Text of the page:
Examples Of Cannibalism In The Road By Cormac Mccarthy

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The Road, a post-apocalyptic novel by Cormac McCarthy, follows the journey of survival of the Man and the Boy in a burnt world covered in ash. To escape the incoming cold weather, they decide to head down south to the coast. With nothing but a pistol, a cart of supplies, and each other, they must cope with hunger, thirst, and the dangers of the land. Along the way, they experience close encounters with bands of cannibals who either will try to enslave or kill them. Throughout the novel, the son, afraid of becoming one of the cannibals or “bad guys,” questions whether they remain the “good guys” whenever the father does something morally questionable to ensure their survival. Through the use of contrast, particularly between the the cannibals …show more content…
Cannibalism in general reflects one’s lack of humanity as willingly eating another human being equates the human into only being food and nothing else. The victim’s experiences, hopes, and dreams mean nothing anymore, their new purpose being something to fill the stomach of a savage. Stranded with no food in a mountain blizzard, some people in real life were forced to commit cannibalism to survive, but they “felt guilty about consuming their...comrades…[and] were not keen on eating flesh” (Cochran 25). This intense guilt and self-awareness of the atrocities they’re committing are completely lost to the cannibals in The Road. By committing cannibalism frequently, as opposed to a single remorseful instance, they become desensitized to the horrors of eating fellow humans. Each bite into human flesh leads to another part of their humanity lost and the continuance of human suffering. The mere idea of their victims having feelings and thus being deserving of humane treatment didn’t even cross their minds. This is shown when the Man finds “naked people...all trying to hide…[and] on the mattress lay a man with his legs gone to the hip and the stumps of them blackened and burnt” in a cannibal’s basement (McCarthy 110). The cannibals keep hostages in the basement, basically a slaughterhouse, as livestock to eat. They treat these people like animals, letting them live in terrible conditions just waiting in terror …show more content…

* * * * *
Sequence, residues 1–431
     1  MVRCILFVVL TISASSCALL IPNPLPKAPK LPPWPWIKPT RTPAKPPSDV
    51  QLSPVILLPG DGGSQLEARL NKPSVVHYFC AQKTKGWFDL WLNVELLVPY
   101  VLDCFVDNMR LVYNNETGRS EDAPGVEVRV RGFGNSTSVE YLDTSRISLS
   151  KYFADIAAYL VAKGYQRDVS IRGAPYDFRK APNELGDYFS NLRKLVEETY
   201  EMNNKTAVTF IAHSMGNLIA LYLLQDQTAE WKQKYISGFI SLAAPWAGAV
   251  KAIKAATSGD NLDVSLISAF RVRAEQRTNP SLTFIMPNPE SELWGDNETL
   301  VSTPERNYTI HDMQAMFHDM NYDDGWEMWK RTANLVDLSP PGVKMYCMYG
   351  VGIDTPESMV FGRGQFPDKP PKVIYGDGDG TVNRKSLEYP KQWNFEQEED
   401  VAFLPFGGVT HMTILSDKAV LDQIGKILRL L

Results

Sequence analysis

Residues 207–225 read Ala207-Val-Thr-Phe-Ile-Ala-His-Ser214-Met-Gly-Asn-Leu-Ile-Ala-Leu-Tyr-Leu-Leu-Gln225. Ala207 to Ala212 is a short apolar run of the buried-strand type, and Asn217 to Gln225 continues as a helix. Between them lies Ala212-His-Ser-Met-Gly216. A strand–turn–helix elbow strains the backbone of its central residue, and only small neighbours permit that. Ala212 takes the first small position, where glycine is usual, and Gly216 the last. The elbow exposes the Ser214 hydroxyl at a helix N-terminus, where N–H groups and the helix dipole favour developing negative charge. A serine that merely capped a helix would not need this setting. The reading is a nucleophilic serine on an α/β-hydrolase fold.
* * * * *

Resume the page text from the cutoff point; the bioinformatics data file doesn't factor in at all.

Throughout the novel, the Man constantly puts the Boy first and does everything he can to make sure that the Boy suffers less than he does. He empathizes with the Boy and loves him so much that he would risk his own humanity to make sure that the Boy doesn’t get hurt. When the Man and the Boy encounter a cannibal along the road, after a tense exchange, the cannibal grabs the boy and puts “a knife at [the boy’s] throat” to which the Man promptly responds by killing the cannibal with his pistol (McCarthy 66). Though the Man committed murder, an immoral act, his humanity remains because he did it out of love to protect the Boy, not out of gratuitous savagery. He still has his ethical code, killing the cannibal was the only option to prevent losing the only person he lives for. According to Professor Ervin Staub, the author of The Psychology of Good and Evil, “intense violence...is not evil, but justified self-defense in response to unjustified attack” (Staub 5). The Man kills only in self-defense for the Boy; he doesn’t do it out of sadism or the enjoyment of killing people. The loss of the Boy would be tragic as he serves as the Man’s conscience and therefore a reminder of the Man’s humanity. Without the Boy, his morals might waver since he won’t be held responsible for any unethical decisions he might make. Being selfless for another and actively maintaining another’s humanity and

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